Threat Descriptons



Category :


Type :


Aliases :



A new simple massmailer was found on Monday 12th of July. It will attempt to spread on emails with an empty subject or one such as "Read the Result!", "Important Data!". It tries to disguise the original attachment extension by adding a large number of spaces after the beginning of the filename.


Based on the settings of your F-Secure security product, it will either move the file to the quarantine where it cannot spread or cause harm, or remove it.

A False Positive is when a file is incorrectly detected as harmful, usually because its code or behavior resembles known harmful programs. A False Positive will usually be fixed in a subsequent database update without any action needed on your part. If you wish, you may also:

  • Check for the latest database updates

    First check if your F-Secure security program is using the latest updates, then try scanning the file again.

  • Submit a sample

    After checking, if you still believe the file is incorrectly detected, you can submit a sample of it for re-analysis.

    Note: If the file was moved to quarantine, you need to collect the file from quarantine before you can submit it.

  • Exclude a file from further scanning

    If you are certain that the file is safe and want to continue using it, you can exclude it from further scanning by the F-Secure security product.

    Note: You need administrative rights to change the settings.

Technical Details

The worm will create a mutex named "SloperMtx" to avoid running more than once simultaneously.

It will copy itself to:


Where %SysDir% is the local Windows System folder. First the worm attempts to create the file and then deletes it, finally copying itself to such location.

It will add an entry to the win.ini file using the Windows API call WritePrivateProfileStringA from the Kernel32.dll. The entry will have the form:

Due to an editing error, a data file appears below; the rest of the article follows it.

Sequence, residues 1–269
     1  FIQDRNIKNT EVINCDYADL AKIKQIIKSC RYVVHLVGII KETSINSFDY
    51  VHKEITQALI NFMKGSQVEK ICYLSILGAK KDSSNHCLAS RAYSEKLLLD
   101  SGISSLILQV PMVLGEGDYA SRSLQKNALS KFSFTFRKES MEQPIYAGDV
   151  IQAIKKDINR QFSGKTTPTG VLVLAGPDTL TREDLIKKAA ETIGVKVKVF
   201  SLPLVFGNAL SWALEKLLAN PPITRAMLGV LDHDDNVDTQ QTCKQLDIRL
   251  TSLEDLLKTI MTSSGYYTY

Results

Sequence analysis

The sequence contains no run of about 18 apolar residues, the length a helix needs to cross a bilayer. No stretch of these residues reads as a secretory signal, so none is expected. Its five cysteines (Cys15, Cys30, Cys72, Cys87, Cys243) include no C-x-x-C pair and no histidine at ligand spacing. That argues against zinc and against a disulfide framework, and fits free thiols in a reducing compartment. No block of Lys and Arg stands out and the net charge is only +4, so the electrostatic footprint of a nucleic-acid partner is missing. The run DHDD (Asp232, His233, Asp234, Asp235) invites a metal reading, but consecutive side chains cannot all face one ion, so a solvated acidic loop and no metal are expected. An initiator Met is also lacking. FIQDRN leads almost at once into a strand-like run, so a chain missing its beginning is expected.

Which will make Windows execute the worm on startup.

Afterwards it attempts to detect whether a debugger is loaded, aiming at avoiding being inspected by advanced users. It does so by calling the function IsDebuggerPresent from Kernel32.dll. The worm loads such DLL function itself, by means of Window's API LoadLiraryA.

Another trivial attempt of difficulting the analysis is when checking for Internet connection availability. It does so by loading a DLL, namely "wininet.dll", composing its name from parts "wini", "net." and "dll" at runtime. This a very basic and old "technique". Once it loads the DLL it will call its function, InternetGetConnectedState, to determine whether an Internet connection is available. If it's not so, it will wait, hoping the infected computer eventually goes online.

The following string is contained within the worm's body:

-={ 4tt4(k 4g4!n$t N3tSky, B34gl3, MyD00m, L0vG4t3, N4ch!, Bl4st3r }=-

Email spreading

The messages will have any of the following subjects, or no subject at all:

Read the Result!
Important Data!

The attachment will have a random name and extension ".gif" or ".jpg" followed by white spaces and finally ending with ".exe" or ".zip".

The worm will collect email address from files with extensions:


The worm has its own SMTP engine which will use to deliver the infected emails.

More Support


Ask questions in our Community .

User Guides

Check the user guide for instructions.

Contact Support

Chat with or call an expert.

Submit a Sample

Submit a file or URL for analysis.